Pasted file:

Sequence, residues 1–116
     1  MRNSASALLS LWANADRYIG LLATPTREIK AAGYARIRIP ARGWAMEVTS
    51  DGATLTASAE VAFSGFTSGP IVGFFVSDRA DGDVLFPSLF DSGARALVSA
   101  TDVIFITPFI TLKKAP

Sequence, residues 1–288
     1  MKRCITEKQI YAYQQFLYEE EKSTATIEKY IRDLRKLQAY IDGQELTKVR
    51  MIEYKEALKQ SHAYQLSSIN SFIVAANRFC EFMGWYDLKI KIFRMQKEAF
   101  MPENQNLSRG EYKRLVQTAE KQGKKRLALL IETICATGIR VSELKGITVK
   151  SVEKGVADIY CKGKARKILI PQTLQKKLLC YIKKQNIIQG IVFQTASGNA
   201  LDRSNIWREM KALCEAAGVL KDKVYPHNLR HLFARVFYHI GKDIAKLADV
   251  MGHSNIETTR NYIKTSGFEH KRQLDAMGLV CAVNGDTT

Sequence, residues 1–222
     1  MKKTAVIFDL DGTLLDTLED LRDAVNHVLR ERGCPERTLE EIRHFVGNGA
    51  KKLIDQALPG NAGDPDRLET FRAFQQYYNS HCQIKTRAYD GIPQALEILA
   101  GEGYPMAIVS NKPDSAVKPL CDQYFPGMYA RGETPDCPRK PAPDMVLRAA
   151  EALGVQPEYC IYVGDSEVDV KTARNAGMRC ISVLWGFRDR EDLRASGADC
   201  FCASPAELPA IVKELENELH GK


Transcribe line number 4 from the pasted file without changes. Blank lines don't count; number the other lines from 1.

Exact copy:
   101  TDVIFITPFI TLKKAP